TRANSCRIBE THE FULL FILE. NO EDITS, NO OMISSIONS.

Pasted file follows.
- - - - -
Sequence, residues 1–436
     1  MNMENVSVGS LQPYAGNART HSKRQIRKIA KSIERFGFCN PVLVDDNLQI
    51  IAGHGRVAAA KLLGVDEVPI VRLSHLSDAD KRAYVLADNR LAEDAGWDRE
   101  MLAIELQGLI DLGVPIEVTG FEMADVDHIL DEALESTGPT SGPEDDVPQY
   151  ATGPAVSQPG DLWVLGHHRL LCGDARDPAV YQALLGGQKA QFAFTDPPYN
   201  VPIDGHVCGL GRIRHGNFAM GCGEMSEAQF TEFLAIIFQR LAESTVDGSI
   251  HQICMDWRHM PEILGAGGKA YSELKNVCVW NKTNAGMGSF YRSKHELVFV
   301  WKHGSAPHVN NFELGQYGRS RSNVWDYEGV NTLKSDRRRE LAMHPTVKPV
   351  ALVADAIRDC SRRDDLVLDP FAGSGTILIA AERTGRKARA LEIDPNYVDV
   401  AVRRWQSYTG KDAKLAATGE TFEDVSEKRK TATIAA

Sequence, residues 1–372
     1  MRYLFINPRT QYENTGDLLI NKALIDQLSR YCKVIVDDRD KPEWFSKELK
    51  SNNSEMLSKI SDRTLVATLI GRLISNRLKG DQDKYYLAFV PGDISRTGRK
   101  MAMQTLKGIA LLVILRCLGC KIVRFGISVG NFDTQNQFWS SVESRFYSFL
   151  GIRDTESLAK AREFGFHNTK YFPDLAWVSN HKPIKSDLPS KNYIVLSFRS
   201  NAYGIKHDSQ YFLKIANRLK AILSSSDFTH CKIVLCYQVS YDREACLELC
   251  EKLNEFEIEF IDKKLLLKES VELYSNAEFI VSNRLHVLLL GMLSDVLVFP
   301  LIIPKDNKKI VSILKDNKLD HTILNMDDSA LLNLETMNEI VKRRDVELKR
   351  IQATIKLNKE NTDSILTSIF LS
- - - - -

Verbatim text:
Sequence, residues 1–436
     1  MNMENVSVGS LQPYAGNART HSKRQIRKIA KSIERFGFCN PVLVDDNLQI
    51  IAGHGRVAAA KLLGVDEVPI VRLSHLSDAD KRAYVLADNR LAEDAGWDRE
   101  MLAIELQGLI DLGVPIEVTG FEMADVDHIL DEALESTGPT SGPEDDVPQY
   151  ATGPAVSQPG DLWVLGHHRL LCGDARDPAV YQALLGGQKA QFAFTDPPYN
   201  VPIDGHVCGL GRIRHGNFAM GCGEMSEAQF TEFLAIIFQR LAESTVDGSI
   251  HQICMDWRHM PEILGAGGKA YSELKNVCVW NKTNAGMGSF YRSKHELVFV
   301  WKHGSAPHVN NFELGQYGRS RSNVWDYEGV NTLKSDRRRE LAMHPTVKPV
   351  ALVADAIRDC SRRDDLVLDP FAGSGTILIA AERTGRKARA LEIDPNYVDV
   401  AVRRWQSYTG KDAKLAATGE TFEDVSEKRK TATIAA

Sequence, residues 1–372
     1  MRYLFINPRT QYENTGDLLI NKALIDQLSR YCKVIVDDRD KPEWFSKELK
    51  SNNSEMLSKI SDRTLVATLI GRLISNRLKG DQDKYYLAFV PGDISRTGRK
   101  MAMQTLKGIA LLVILRCLGC KIVRFGISVG NFDTQNQFWS SVESRFYSFL
   151  GIRDTESLAK AREFGFHNTK YFPDLAWVSN HKPIKSDLPS KNYIVLSFRS
   201  NAYGIKHDSQ YFLKIANRLK AILSSSDFTH CKIVLCYQVS YDREACLELC
   251  EKLNEFEIEF IDKKLLLKES VELYSNAEFI VSNRLHVLLL GMLSDVLVFP
   301  LIIPKDNKKI VSILKDNKLD HTILNMDDSA LLNLETMNEI VKRRDVELKR
   351  IQATIKLNKE NTDSILTSIF LS